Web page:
It’s not all about You(Tube): An interview with Heyodamo

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Interview || Nathaniel Keesing

Grapeshot: Why did you decide you wanted to pursue YouTube and social media as a career?

Damian Parker: I started YouTube as a way to express ideas and entertain an audience, because I have always loved doing things involved in entertainment and the convenience of doing that from my own home and being my own director and editor and all that was fantastic. So I originally just started doing it as a hobby, and because I was already working as a professional entertainer, it was just another outlet for that. I originally never thought of it as a career and then suddenly I realised I had this following that was essentially just the same type of audience a tv show would have, so why should I not be making content, and be paid for it?
The first time that any of my videos did well would be when I first thought this could be a career. I was working in a circus. It now has over a million views and I got paid a few thousand for just talking shit to a camera. So I was like “Oh! If I could do that frequently, and make that money frequently, that would be a cool job”.

G: What kind of videos do you make?

DP: I make whatever I feel like at the time. I really like the process of documenting my own life. So things I’m actually interested in at the time, things I’m doing, events I’m going to and participating in. I create content from that. Taking something that could be mundane and ordinary, then making it a bit more interesting and putting it online to share with an audience of like minded people. I find the type of content I create generally is the type of content you can connect with on a personal level, which is kind of bringing up the point of whether it’s entertainment, or is it creating a type of one-sided relationship?

G: What do you mean a one on-side relationship?

DP: Firstly the reason I think YouTube can not only be a form of entertainment, but also a form of a relationship, as opposed to traditional media, is because with YouTube it’s normally a one person project. With bigger Youtubers, they might have a director or an editor, but generally it’s a one person project showing you slices of their real life. I mean, there are traditional media, but on top of it being about this group of people, they don’t see any of the editing, they don’t see any of the production, they’re probably being told what to do by the producers. There’s not that real personal connection, and on top of that, there’s the fact that they don’t generally address the camera. That’s the big thing: breaking the fourth wall is not very common in traditional media, while Youtubers do that very frequently, so it creates this more personal connection through showing your own life. Being your own editor, producer, being as real as you can be, addressing the audience, and even having that connection move forward into other forms of social media, such as twitter and all of that where you can communicate with your audience. That’s something the characters in a tv show, or the stars on a tv show, normally wouldn’t do. So I say it’s a one-sided relationship, even though it can be actually be two-sided. It can extend to being friends with the YouTuber, but most of the time generally with the bigger Youtubers, you can’t personally connect back with millions of people, so you have these millions of people who get to know you through your videos and create this friendship. The person who created those videos might never know that these people technically exist.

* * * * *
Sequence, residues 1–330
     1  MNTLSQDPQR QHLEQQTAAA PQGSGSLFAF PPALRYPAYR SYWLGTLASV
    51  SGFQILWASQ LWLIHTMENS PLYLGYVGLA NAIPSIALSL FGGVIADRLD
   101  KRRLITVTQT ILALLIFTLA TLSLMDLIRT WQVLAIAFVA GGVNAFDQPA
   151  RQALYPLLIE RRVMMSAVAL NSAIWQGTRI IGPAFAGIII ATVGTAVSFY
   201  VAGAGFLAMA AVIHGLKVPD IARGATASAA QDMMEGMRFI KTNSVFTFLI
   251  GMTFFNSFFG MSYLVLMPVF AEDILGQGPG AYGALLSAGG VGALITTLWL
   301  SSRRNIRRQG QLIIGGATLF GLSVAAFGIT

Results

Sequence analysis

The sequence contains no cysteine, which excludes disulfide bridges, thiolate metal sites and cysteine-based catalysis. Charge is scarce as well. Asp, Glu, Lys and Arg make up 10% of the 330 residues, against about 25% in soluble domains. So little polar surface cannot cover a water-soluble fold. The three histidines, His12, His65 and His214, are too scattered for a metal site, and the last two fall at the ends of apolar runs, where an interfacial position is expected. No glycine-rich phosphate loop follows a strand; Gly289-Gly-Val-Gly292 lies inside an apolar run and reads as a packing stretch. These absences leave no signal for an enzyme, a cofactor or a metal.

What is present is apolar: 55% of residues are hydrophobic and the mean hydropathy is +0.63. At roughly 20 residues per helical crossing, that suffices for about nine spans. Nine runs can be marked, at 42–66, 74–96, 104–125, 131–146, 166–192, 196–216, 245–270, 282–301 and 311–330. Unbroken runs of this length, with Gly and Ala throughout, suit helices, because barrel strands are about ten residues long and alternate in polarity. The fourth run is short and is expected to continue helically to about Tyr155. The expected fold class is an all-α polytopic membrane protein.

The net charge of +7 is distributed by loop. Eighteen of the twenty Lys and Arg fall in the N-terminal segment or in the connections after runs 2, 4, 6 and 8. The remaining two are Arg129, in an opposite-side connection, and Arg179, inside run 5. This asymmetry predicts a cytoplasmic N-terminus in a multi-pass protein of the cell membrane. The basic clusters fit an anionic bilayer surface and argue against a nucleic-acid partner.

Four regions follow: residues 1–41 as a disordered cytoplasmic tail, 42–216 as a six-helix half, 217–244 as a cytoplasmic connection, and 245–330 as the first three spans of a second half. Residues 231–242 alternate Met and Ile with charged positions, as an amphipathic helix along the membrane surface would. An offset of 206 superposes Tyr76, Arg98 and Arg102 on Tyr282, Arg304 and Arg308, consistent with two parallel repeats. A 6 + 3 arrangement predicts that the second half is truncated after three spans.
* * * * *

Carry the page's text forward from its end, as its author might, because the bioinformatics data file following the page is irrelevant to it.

G: Do you think the bigger that YouTube becomes, the more they lose the essence of what this platform is about?

DP:I think the bigger YouTube becomes, it definitely affects the way YouTube feels, but at the same time, there’s always going to be new content creators that are coming in who have that smaller audience. You can connect with them, so there’s always going to be a balance I think.

G: Do you think YouTube will change the way traditional media is created?

DP: Traditional media has taken notice of the way social media has taken hold of entertainment, and they want to reach that same audience, so they do certain things to emulate the way YouTube comes across, such as more improvisation. I’ve noticed there’s a lot less scripts being involved in TV shows, and certain ways of shows being filmed, such as handheld or addressing the camera directly, and that’s all started to pop up lately since traditional media has taken notice of Youtube taking a strong hold of the entertainment industry.

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